OK, it must be Paul Courant day here or something like that. I was looking at his blog post about the closing and more specifically the removal of the U. Michigan card catalog, and in his discussion of responses to the removal he spoke of his own sentimental response. These are the lines that struck me:
"... I’ll always remember the card catalog as the rich, powerful and brilliant piece of scholarship that it was, and as a place that I visited in eager anticipation of learning something new. I don’t think that I was ever disappointed."
The catalog as a work of scholarship is a view one rarely hears anymore, but it is the correct view of the card catalog of a research university. Those catalogs were the heart of the heart of the university, or the soul in the machine, or whatever lovely, sentimental phrase you most prefer to use. When one was "in" the catalog following a citation or browsing an author's works or perusing a subject, one was in more or less the active mind of the library and thus one could imagine it as the mind or memory of the university or of scholarship itself.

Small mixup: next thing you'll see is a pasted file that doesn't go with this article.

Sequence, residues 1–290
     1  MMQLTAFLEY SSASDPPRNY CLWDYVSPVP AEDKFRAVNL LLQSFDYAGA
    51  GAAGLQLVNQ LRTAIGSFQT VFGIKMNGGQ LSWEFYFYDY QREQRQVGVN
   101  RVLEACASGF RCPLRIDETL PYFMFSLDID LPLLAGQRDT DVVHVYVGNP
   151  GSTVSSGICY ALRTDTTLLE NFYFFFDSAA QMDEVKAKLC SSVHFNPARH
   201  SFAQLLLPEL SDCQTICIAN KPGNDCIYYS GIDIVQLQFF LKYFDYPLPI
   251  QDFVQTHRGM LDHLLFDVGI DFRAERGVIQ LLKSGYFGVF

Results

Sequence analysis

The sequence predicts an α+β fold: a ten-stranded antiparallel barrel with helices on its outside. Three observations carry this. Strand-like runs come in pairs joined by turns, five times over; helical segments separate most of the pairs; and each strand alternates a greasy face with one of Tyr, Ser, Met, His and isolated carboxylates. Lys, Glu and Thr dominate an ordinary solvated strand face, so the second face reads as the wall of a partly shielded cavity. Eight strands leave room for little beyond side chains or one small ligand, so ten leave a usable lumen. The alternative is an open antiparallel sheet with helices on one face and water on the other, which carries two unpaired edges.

If the catalog was a work of scholarship, then the cataloger was a scholar. And in that I think we can feel the loss that many catalogers feel when they consider the past 30 years and look ahead to the future of cataloging and libraries: their work as scholars is at an end. It is possible to see a descending arc--the catalog as scholarship to the catalog as information repository to the catalog as a database. And the arc descends for the cataloger from scholar to information manager to data assistant. This view is a sentimental one and a depressing one; it is not objectively true, but I know that it feels true to many catalogers. It is part of the sorrow of catalogers that many lament the loss of status as scholars and don't feel any warmth for the status of a data-centric programmer.